Using plans purportedly stolen from Dooku, Krennic commissions the insectoid denizens of Geonosis (site of the climactic battle in Attack of the Clones that commences the Clone Wars) to begin construction on the unnamed orb-shaped station that will become the Death Star. Catalyst goes into detail about how the Death Star was built, beginning with a prime meridian and then to the trench which houses the shields and hyperdrive engines, everything built from material strip-mined from formerly pristine planets since rendered uninhabitable. Krennic sees the Death Star as his big ticket, “a world of his own, replete with a power to rival that of the Emperor and Darth Vader.” But Krennic struggles to build the superlaser — his team of scientists cannot perfect the weaponry. He waits while Galen, still believing he is working on a clean-energy source, harnesses the secrets of the kyber crystals.
During the course of the novel, the Clone Wars end and Palapatine transforms the Republic into the Galactic Empire, with himself in charge. The Jedi are gone, leaving Galen with a steady supply of kyber crystals that are pried from temples, removed from lightsabers, and pulled from sacred ground. He begins to discover that the crystals are almost alive and are sensitive to other life forms. He also ignores warning signs, choosing to believe the Empire wants to use his work to benefit the galaxy, as Krennic insists.
Krennic vs. Tarkin
While Palpatine and Vader are minor figures in the novel, mentioned largely in passing, another iconic Imperial player figures prominently in Catalyst: Wilhuff Tarkin. Tarkin is as ruthless and ambitious as Krennic and the two are engaged in a bitter power struggle. Krennic tries to maintain control of the Death Star, while Tarkin attempting to wrest it away. We know that Grand Moff Tarkin eventually commands the Death Star, so Rogue One might reveal how that all shakes out.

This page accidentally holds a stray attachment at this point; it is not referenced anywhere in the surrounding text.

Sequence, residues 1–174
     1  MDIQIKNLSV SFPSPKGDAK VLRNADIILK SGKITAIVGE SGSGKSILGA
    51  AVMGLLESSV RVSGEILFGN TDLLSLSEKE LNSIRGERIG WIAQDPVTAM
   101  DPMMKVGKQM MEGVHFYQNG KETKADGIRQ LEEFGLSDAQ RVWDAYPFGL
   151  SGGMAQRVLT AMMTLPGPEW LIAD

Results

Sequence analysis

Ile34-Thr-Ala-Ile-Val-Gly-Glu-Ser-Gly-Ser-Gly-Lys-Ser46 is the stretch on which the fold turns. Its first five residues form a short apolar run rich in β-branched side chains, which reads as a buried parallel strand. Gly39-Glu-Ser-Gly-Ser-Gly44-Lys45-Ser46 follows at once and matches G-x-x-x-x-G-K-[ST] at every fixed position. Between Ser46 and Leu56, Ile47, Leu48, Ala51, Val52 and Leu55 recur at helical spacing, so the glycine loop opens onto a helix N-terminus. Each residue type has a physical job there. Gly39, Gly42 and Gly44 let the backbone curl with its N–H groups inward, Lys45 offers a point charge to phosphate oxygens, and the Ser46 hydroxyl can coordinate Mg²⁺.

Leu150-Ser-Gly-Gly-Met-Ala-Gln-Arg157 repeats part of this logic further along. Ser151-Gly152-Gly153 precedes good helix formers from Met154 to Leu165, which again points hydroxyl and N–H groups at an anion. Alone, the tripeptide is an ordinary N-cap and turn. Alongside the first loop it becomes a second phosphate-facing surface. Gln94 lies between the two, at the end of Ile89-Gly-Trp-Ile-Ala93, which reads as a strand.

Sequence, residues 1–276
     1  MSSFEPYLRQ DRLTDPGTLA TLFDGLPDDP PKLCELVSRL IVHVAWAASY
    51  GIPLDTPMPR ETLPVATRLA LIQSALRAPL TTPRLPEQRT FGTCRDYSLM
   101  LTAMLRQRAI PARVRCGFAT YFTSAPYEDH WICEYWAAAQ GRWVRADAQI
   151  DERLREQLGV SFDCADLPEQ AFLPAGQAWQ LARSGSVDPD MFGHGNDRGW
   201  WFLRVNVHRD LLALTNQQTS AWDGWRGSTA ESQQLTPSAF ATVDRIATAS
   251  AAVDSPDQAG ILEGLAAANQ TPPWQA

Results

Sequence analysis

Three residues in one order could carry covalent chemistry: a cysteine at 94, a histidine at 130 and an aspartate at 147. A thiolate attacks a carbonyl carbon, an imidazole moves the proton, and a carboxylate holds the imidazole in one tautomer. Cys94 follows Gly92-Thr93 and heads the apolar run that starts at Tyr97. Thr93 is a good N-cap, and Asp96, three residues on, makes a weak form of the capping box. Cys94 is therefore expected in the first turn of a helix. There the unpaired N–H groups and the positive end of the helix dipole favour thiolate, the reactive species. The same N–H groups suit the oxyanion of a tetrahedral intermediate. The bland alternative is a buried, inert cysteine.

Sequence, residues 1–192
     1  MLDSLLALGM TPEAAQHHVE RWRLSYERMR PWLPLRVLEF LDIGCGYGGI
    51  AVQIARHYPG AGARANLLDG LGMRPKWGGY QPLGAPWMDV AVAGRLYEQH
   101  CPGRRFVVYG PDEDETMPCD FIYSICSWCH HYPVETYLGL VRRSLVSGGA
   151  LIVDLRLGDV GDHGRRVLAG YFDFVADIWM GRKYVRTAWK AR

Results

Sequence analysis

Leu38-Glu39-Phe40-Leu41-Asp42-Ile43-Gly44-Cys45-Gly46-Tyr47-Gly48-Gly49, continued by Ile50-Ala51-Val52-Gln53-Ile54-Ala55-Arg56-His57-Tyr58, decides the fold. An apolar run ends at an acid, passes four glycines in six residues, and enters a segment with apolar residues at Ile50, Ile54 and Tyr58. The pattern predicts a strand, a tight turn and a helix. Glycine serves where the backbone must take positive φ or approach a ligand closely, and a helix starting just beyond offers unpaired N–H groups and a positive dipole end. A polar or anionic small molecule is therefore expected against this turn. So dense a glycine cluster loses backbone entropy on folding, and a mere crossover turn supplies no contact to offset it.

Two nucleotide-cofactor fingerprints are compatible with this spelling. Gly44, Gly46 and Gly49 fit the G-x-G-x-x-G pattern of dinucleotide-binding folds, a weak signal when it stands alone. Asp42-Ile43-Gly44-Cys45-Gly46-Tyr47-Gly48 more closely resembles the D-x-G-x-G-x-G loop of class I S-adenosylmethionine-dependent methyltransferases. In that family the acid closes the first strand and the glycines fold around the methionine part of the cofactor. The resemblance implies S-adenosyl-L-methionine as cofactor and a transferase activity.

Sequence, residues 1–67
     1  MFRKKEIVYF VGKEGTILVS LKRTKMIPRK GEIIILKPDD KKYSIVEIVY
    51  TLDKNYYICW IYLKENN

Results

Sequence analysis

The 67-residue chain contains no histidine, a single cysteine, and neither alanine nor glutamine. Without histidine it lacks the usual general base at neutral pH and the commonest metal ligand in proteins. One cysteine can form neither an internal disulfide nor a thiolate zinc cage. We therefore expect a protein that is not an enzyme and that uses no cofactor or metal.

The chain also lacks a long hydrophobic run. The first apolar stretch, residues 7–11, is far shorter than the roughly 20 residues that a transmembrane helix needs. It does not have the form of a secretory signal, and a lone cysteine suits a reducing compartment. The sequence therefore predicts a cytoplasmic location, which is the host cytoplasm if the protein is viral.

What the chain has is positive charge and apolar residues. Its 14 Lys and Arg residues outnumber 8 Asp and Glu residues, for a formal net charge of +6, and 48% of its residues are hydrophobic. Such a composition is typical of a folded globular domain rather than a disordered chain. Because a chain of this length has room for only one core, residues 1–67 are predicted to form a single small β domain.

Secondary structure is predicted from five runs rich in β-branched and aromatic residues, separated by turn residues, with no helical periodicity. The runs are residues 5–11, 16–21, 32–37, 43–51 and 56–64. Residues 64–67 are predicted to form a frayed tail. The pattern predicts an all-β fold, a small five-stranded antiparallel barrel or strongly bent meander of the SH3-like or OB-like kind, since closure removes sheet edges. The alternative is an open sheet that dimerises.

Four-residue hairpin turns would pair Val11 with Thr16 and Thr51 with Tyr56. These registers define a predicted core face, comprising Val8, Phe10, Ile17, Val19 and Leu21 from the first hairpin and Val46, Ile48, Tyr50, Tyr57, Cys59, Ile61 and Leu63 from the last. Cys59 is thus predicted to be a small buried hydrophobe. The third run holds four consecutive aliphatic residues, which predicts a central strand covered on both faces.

Birth of the Rebellion
Catalyst suggests that at least some of the seeds of the Rebel Alliance were sown by the Empire itself, which tried to frame Separatist sympathizers for weapons shipments as a ruse to take control of strategic planets. One of Krennic’s pilots realizes the scheme and, with the help of a fiery colleague named Saw Gerrera, warns the government of the next Imperial target, the Salient system, which takes up arms against the Empire. Although eventually defeated, the novel strongly hints that the ragtag group of survivors would continue to pester Imperial forces.
The Onderonian fighter helps lead the turncoats against the invading Imperials in the Salient system, offering a rousing reason for taking a principled stand: “Believe that your actions mattered, and believe that a good end would come of them, even if you didn’t live to see the results.” At the novel’s conclusion, Saw smuggles the Ersos off Coruscant once Galen realizes that Krennic is trying to weaponize his research. Saw strikes up a fast friendship with the family, and especially bonds with Jyn (now about 6 years old) as he transports them to the distant planet of Lah’mu, which might be the location we see in the second Rogue One trailer, where Krennic arrives with his Death Troopers to collect Galen. Meanwhile, there is no mention in the book of any physical problems with Saw, meaning the cybernetic attachments sported by Forest Whitaker in the trailers happened sometime later.
Catalyst is available in print, ebook format, and as an audiobook.